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In February 2017, RASFF (Rapid Alert System for Food and Feed) published an alert implicating semi-dried tomatoes contaminated with norovirus. Originating from Italy, semi-dried tomatoes in sunflower oil were delivered to the Czech Republic who detected foodborne viruses (Norovirus). Both genogroups GI and GII, according to the report, were found in the samples tested.
This is unfortunately not the first time that Foodborne Viruses are to be found in Semi-dried tomatoes :
In October 2011, two primary cases of hepatitis A virus (HAV) infection with identical HAV genotype IB strains to those seen in other outbreaks associated with semi-dried tomatoes were reported in England. Both cases had consumed semi-dried tomatoes. Epidemiological investigations revealed 2 additional cases of genotype IB strains with different sequences who also reported having consumed semi-dried tomatoes. In November, 5 cases of HAV infection with closely related strains were identified in the Netherlands.
Between 31 December 2009 and 10 February 2010, 13 patients were infected by an identical hepatitis A virus strain not previously detected in the Netherlands. They had not been abroad and were widely distributed over the Netherlands. A case-control study including 12 cases and 44 controls identified semi-dried tomatoes in oil as the source of the outbreak.
In January 2010, two clusters of nontraveler-associated hepatitis A were reported in 3 districts of southwestern France. A single IB strain of hepatitis A virus (HAV) was isolated. An investigation was conducted to describe the outbreak, identify the vehicle of transmission and source of infection, and propose appropriate control measures. Twenty-four (51%) reported eating semidried tomatoes, 20 of 566m reported purchasing semidried tomatoes in 1 of 3 different sandwich shop chains.
A large outbreak of hepatitis A affected individuals in several Australian states in 2009. Two peaks of infection occurred, with surveillance data suggesting locally acquired infections from a widely distributed food product. The results of both case-control studies and food testing implicated the novel vehicle of semidried tomatoes as the cause of this hepatitis A outbreak. Hepatitis A RNA was detected in 22 samples of semidried tomatoes. Hepatitis A virus genotype IB was identified in 144 of 153 (94%) patients tested from 2009, and partial sequence analysis showed complete identity with an isolate found in a sample of semidried tomatoes.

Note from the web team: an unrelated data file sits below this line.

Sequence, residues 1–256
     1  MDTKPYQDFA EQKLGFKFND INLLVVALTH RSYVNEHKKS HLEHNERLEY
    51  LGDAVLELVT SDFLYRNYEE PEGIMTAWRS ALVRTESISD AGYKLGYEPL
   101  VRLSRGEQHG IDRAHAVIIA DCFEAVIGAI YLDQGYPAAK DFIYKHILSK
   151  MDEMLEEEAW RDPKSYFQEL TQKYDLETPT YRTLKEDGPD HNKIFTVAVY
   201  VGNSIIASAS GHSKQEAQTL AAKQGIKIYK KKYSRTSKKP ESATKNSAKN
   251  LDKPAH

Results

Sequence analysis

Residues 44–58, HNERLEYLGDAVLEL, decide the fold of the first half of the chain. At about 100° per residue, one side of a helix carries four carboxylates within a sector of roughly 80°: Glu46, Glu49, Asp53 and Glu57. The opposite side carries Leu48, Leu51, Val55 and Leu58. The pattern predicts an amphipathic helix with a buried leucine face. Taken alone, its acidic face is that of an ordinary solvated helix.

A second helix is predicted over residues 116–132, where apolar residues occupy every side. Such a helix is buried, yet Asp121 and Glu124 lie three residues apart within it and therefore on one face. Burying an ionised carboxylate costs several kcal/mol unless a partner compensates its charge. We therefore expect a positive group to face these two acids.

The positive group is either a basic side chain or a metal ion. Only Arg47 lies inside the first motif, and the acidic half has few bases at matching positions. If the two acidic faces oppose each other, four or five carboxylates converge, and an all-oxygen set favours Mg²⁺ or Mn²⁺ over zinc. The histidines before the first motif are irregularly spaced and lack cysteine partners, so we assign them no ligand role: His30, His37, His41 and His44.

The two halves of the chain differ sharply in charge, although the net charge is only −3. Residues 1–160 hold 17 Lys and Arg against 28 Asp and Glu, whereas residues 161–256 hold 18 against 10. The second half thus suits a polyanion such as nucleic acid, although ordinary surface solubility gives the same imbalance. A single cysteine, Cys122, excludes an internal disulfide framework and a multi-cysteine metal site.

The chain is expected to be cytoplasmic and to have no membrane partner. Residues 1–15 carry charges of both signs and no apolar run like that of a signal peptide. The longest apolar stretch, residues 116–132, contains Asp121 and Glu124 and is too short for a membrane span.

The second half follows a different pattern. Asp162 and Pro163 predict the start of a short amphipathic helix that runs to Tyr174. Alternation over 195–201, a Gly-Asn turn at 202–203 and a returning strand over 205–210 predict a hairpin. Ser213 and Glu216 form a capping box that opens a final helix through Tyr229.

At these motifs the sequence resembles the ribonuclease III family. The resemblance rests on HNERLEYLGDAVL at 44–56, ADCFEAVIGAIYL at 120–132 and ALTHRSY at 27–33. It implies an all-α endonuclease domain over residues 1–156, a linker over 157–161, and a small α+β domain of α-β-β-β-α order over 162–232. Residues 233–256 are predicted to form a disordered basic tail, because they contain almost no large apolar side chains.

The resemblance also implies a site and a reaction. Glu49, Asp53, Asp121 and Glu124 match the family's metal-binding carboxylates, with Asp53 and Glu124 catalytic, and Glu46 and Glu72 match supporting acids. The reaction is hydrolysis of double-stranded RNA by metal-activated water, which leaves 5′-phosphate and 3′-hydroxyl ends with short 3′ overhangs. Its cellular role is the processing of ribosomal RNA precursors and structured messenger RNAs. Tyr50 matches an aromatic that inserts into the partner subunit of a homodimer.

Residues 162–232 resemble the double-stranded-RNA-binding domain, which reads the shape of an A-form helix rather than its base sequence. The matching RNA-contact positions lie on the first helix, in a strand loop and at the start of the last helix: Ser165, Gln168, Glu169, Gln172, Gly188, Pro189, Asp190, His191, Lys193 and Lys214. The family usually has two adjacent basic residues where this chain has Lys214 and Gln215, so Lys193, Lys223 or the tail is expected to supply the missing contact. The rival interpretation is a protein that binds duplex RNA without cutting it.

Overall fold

Manufacturers should consider enteric viruses as a major public health risk in their Hazard Analysis and Critical Control Point (HACCP) plans, says FAO.
In addition to safety regulations already in place, measures need to be taken to ensure provision of virus-safe foods in order to prevent contamination. Considering the high prevalence of foodborne infections by viruses, one should exercise precaution. Proper hand hygiene should be maintained, personally and during food preparation, to prevent contamination of food and spread to other persons. Once contamination of foods has occurred, the following mitigation strategies can be employed: (i) disposal of contaminated foods; or (ii) heat treatment (at ≥ 90° C for ≥ 90 seconds and pasteurization at ≥70° C for ≥ 15 minutes). Learn More from FAO.
NoV & HAV, major vectors of food contamination
Viruses are not likely to grow on contaminated vegetables and fruits but can survive long enough to cause life-threatening illness in humans. Consumption of fresh and lightly processed produce, coupled with an increase in importation of produce from regions where standards for growing and handling produce may be compromised should be an incentive to producers, importers to better monitor this viral risk.